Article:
More particularly, each of the computers which are associated with the monitors has a "map" of the simulated space stored in its electronic memory. The first computer calculates the position of the first simulated vehicle within the simulated space every computational cycle, based upon the first control signal. Also, the second computer calculates the position of the second simulated vehicle within the simulated space every computational cycle, based upon the second control signal. Additionally, each computer determines the positions within the space of simulated drones that ar controlled by the particular computer. Accordingly, eac computer is associated with one of the simulated vehicles an at least one computer-controlled drone. The computers generate respective first and second position signals which are representative of the position and orientation of the vehicle that is associated with the particular computer. Position signals are also generated which are representative of the positions and orientations of the drones that are controlled by the particular computer. Once each computational cycle, each computer sends its position signals to a common random access memory (RAM) which is electrically connected to each computer. After sending its position signals to the RAM, each computer polls the RAM to determine the positions and orientations of the vehicle and drones controlled by the opposite computer. Then, based upon its own position signals plus the position signals that are stored in the RAM from the other computer, each computer causes its associated monitor to display an image of the space, including both vehicles and the computer-controlled drones, as would be seen from the vehicle of the particular computer.

Furthermore, each user can "shoot" the other user's vehicle by depressing a trigger to initiate the motion of a simulated projectile toward the other user's vehicle. As envisioned by the present invention, the simulated projectile can model a burst of electromagnetic energy, a bullet, artillery shell, or other combat weapon. When a "shot" is initiated, the computer associated with the shooting vehicle sends a signal to the RAM that is representative of the position and orientation of the projectile. This signal is detected by the computer that is associated with the vehicle being shot when the computer polls the RAM during the next succeeding computational cycle. If desired, the simulator can be operated in a single player mode, wherein a single user can "play" against one of the computers that has been activated. Preferably, the activated computer is the computer associated with the monito that is directly in front of the computer. In the singl operator mode, the user shoots drones that are controlled b the activated computer. Also, the computer can cause th drones to shoot projectiles toward the simulated vehicl "driven" by the user. Processing of information representin the projectiles, drones, and vehicle is accomplished by th activated computer.

Whether in the single player or two-player mode, upo ascertaining that a shot has been fired at its associate vehicle, the computer determines whether the position of th simulated projectile is coincident with the position of th associated vehicle. If coincidence is determined to hav occurred, the computer generates a "hit" signal. I coincidence has not occurred, the computer stores the positio of the projectile in memory and, during the next computationa cycle, advances the projectile through the simulated space i accordance with the reported firing position and orientatio of the projectile. The computer also advances the associate vehicle through the simulated space in accordance with th user-generated command signal. Then, the computer agai determines whether coincidence has occurred between th projectile and the vehicle associated with the computer.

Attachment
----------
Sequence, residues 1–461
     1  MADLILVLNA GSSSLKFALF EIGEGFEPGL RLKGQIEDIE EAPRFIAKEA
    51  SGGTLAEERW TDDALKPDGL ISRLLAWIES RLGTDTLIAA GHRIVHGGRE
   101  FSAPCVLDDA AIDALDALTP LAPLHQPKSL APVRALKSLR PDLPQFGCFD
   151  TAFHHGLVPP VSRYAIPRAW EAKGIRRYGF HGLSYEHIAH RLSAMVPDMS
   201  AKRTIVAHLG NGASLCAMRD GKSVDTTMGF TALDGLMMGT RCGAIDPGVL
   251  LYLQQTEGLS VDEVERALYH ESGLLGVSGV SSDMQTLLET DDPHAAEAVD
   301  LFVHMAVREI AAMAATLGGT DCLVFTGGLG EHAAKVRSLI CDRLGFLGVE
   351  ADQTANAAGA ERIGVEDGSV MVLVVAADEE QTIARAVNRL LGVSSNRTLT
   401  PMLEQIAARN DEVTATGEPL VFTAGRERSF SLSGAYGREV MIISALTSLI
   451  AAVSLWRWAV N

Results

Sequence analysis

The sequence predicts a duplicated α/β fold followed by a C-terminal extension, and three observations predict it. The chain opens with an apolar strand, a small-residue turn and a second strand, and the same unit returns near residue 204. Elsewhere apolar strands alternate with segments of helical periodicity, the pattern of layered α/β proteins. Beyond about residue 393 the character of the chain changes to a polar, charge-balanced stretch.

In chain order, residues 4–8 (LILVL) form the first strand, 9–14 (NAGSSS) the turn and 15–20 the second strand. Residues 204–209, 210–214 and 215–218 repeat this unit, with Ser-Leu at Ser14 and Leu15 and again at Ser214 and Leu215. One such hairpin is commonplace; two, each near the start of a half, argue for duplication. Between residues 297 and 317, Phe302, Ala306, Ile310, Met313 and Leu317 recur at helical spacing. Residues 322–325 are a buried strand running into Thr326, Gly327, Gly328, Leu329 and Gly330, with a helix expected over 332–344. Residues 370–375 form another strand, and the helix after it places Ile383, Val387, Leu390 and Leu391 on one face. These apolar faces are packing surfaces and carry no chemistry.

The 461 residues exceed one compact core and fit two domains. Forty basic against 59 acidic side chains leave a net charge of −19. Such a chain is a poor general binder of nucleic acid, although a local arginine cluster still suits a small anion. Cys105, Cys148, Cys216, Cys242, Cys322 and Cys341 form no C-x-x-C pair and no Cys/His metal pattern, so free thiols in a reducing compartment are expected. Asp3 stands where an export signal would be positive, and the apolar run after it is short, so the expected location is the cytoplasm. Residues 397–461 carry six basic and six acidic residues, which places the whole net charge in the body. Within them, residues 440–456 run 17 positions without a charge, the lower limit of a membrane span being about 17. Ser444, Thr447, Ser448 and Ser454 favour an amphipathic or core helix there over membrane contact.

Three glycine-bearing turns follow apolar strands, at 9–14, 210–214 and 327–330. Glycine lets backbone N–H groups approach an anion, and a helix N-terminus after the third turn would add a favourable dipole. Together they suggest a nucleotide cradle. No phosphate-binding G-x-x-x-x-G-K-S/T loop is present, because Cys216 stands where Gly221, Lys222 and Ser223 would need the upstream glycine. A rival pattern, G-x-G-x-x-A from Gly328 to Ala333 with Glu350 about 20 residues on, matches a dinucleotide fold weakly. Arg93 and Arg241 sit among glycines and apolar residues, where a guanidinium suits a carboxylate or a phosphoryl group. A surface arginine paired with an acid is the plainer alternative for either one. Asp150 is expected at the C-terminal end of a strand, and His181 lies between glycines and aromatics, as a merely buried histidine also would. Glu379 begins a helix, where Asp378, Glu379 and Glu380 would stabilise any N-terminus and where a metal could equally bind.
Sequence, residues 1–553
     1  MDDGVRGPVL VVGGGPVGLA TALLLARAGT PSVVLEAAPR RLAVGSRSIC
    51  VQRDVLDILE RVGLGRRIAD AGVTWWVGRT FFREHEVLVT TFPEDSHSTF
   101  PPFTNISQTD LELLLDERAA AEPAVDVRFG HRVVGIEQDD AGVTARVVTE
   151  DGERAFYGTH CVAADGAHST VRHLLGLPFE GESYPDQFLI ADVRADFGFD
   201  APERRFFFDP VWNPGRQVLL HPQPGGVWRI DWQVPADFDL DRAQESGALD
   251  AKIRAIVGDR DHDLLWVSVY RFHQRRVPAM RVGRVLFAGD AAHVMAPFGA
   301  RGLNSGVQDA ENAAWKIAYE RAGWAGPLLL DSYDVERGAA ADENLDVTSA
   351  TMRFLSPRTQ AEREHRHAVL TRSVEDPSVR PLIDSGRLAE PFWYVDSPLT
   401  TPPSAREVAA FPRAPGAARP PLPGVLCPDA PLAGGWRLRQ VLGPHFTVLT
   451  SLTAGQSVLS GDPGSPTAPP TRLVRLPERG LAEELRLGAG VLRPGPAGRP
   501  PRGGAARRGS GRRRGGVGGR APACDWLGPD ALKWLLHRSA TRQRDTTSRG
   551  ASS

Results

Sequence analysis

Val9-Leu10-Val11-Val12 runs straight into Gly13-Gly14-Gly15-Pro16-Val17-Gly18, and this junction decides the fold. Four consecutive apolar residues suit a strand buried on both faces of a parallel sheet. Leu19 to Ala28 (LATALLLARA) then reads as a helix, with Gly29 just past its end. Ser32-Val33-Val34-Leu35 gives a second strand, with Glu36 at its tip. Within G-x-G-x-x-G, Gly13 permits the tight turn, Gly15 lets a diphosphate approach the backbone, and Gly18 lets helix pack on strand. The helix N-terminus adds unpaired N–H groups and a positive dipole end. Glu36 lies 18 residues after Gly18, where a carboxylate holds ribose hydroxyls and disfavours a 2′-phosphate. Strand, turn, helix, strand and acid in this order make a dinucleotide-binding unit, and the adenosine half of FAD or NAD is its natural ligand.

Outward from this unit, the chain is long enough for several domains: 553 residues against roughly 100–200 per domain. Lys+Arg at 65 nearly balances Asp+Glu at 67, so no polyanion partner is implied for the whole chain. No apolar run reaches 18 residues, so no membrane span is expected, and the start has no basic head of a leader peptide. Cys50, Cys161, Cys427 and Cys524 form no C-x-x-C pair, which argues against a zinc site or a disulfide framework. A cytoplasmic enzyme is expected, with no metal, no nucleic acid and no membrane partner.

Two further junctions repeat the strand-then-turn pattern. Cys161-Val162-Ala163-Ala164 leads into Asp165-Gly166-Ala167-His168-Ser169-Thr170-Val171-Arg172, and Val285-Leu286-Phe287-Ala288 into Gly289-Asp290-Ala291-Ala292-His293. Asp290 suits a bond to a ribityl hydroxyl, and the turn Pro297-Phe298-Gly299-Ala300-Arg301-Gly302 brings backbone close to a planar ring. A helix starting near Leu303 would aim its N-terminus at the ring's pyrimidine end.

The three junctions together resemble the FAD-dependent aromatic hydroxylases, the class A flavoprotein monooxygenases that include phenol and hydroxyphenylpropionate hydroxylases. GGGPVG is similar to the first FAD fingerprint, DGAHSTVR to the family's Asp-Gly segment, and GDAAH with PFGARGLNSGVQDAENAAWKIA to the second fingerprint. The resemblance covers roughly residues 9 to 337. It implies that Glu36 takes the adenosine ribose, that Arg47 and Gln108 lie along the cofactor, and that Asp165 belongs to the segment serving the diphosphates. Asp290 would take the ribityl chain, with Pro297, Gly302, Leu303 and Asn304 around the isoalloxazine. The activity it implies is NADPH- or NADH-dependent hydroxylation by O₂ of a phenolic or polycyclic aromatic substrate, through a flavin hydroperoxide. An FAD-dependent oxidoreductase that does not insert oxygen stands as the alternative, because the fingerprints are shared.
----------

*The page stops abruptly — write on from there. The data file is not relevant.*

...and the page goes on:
In the event that a "hit" has occurred, the particula computer causes the seat of the associated user to be impacte to model the effects of a hit on a real vehicle. Specifically, a solenoid is mounted beneath each seat, an each solenoid can be controlled by its associated computer t thump the seat. More specifically, each solenoid includes plunger which is movable from a distanced position, wherei the plunger is spaced from the seat, to an impact position, wherein the plunger contacts the seat. The computer sends th "hit" signal to the solenoid to cause the plunger to thump th seat of the associated user to give the user a tactil sensation of the effects of a hit on his vehicle.

Other tactile indications of simulated impacts are als envisioned by the present invention. For example, th solenoid can be located on the backrest of the seat of the user, to thump the user's back upon generation of a "hit" signal. Moreover, devices other than solenoids can be used to generate the tactile indication of a "hit". For example, a motor can be attached to the seat of the user to vibrate the seat when a "hit" signal is generated.

As further envisioned by the present invention, a "hit" signal to energize the solenoid can be generated as a result of activity other than projectile firings. For example, a computer can generate a "hit" signal to energize the associated solenoid of a first user when the simulated vehicle operated by a second user rams the simulated vehicle operated by the first user.

Further details of the structure and operation of the present invention can best be understood by reference to the accompanying drawings, in which like numerals refer to like parts, as described below.

Brief Description of the Drawings Figure 1 is a perspective view of one presently preferred embodiment of the novel vehicle simulator of the present invention, with portions broken away for clarity;

Figure 2 is a block diagram of a presently preferred embodiment of the electrical components of the novel vehicle simulator of the present invention;